‘Do you like a scone yourself?’ He inquired.
I nodded ‘Who doesn’t ?’
‘With cream and jam or butter and jam?’ He persisted.
‘With cream’ I didn’t hesitate ‘But the jam depends on whether they are plain or fruit’.
‘I would never put jam on a fruit scone’ He announced stoutly’ ‘Two such opposing sweetness’s would cause confusion of the palate’
I nodded my head in agreement ‘Its as bad as sprinkling chocolate on a cappuccino’
He raised his eyebrows in mock horror. ‘Chocolate on a cappuccino? A veritable sin’ He agreed and we smiled at each other, kindred spirits in the art of eating scones and drinking coffee.
‘What do you be talking to him about?’ my colleagues asked curiously. ‘You were in his room for ages’.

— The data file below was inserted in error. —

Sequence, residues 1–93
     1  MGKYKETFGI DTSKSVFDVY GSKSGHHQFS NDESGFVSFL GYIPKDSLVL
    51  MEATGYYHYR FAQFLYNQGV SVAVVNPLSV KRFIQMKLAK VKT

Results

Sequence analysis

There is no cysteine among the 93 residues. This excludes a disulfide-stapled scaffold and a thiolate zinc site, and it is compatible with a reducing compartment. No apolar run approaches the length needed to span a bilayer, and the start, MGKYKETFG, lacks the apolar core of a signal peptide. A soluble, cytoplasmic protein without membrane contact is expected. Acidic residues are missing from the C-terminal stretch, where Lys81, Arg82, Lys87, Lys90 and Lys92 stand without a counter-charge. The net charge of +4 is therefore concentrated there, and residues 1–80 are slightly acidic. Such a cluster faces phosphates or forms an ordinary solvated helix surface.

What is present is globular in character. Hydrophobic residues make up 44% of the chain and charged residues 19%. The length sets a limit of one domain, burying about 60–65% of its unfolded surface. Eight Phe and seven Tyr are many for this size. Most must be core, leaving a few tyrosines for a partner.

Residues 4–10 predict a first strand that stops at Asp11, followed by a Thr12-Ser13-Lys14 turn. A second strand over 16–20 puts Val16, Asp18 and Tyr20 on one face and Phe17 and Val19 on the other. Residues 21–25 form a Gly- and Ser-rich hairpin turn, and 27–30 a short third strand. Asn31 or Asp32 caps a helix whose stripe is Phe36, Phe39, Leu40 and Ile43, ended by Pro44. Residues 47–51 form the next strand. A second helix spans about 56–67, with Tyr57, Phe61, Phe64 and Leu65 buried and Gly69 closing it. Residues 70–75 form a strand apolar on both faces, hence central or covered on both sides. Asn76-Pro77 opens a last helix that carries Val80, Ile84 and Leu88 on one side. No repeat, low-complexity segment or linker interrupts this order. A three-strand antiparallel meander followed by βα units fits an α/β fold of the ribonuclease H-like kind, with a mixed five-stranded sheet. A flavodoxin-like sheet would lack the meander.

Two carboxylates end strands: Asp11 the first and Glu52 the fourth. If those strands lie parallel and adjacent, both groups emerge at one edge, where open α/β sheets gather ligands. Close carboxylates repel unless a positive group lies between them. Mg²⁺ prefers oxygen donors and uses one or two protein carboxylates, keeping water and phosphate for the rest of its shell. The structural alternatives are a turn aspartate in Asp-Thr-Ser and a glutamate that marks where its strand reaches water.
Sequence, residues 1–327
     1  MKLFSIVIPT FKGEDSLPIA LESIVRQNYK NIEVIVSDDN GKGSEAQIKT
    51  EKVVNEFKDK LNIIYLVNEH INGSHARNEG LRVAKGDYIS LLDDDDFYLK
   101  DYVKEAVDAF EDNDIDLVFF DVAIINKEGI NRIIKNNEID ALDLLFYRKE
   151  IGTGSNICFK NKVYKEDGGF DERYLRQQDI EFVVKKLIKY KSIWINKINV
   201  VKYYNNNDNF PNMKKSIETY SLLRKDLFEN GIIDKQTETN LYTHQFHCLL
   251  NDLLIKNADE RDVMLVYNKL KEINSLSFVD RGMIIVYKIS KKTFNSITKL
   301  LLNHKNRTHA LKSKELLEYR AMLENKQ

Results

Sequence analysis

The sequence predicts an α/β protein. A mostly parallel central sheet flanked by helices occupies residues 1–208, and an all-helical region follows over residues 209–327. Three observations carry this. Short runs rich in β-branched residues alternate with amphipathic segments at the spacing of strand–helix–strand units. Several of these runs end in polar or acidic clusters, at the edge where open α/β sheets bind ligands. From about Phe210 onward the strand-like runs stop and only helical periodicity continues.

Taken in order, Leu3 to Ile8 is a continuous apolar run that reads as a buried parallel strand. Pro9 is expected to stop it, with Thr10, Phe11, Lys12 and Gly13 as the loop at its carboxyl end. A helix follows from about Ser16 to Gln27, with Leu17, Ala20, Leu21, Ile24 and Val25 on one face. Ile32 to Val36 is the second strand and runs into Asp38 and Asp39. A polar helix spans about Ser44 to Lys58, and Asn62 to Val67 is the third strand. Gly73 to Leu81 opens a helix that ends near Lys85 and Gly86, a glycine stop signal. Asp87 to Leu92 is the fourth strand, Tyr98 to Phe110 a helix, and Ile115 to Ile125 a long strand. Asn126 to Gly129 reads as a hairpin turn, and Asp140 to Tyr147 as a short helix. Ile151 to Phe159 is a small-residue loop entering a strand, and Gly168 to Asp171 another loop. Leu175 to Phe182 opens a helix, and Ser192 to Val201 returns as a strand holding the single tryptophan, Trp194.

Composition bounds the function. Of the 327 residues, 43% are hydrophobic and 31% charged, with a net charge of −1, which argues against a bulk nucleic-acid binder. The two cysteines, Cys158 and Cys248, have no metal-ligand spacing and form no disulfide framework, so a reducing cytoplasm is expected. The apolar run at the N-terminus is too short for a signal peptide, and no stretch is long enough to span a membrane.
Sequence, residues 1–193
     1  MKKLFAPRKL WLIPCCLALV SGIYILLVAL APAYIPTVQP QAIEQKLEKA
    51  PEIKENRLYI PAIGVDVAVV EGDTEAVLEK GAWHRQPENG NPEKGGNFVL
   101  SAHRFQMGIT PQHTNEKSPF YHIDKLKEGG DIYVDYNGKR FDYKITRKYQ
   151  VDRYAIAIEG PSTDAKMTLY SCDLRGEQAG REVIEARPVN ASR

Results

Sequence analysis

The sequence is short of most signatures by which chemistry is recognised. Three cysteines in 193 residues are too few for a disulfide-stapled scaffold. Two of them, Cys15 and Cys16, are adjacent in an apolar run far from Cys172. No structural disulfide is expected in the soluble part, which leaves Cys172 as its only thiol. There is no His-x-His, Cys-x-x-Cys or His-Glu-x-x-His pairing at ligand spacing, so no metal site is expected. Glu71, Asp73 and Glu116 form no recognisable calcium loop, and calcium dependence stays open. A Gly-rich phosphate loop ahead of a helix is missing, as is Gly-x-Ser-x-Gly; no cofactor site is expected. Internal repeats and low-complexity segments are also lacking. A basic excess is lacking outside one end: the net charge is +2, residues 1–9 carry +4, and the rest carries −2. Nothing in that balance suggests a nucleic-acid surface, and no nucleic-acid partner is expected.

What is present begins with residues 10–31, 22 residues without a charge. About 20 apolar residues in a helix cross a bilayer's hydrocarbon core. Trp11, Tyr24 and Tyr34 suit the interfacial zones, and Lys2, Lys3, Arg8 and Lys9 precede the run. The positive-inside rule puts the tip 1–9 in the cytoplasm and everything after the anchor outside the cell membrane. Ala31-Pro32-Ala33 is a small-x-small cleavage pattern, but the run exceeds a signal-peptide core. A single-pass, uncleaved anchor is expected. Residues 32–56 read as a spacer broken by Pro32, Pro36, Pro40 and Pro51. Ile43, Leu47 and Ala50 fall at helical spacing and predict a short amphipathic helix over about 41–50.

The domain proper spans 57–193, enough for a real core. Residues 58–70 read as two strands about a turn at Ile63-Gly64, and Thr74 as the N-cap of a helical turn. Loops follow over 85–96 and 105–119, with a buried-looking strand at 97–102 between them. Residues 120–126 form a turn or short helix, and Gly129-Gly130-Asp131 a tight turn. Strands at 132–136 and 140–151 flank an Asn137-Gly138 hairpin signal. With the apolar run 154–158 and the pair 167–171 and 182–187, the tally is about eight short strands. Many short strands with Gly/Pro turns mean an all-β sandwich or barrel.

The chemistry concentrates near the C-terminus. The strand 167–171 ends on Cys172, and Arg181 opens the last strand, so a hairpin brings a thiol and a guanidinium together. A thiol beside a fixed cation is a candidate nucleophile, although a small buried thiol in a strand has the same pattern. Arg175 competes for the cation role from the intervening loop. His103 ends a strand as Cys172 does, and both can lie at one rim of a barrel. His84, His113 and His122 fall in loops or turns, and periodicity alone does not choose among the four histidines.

‘Oh this and that’ I replied guiltily knowing I had now so much work to catch up on.
But we did discuss more serious things.
His pain level, his concerns….
He always replied that he had none of the above even though I didn’t quite believe him.
His prognosis wasn’t good.
‘A good scone is the cure for all ills so’ I would say jokingly.
One day when we were discussing the simple joy of growing a vegetable garden, I admitted my dream to him.
That small cottage in the west.
‘Well ‘ He said ‘If you really want it, just close your eyes and open your heart, and visualize it.’
He sounded so confident.
I did as he suggested but halfheartedly. I knew I also needed other elements like money and time.
Later it occurred to me that maybe he meant to dream about it would be enough but I never got a chance to ask him.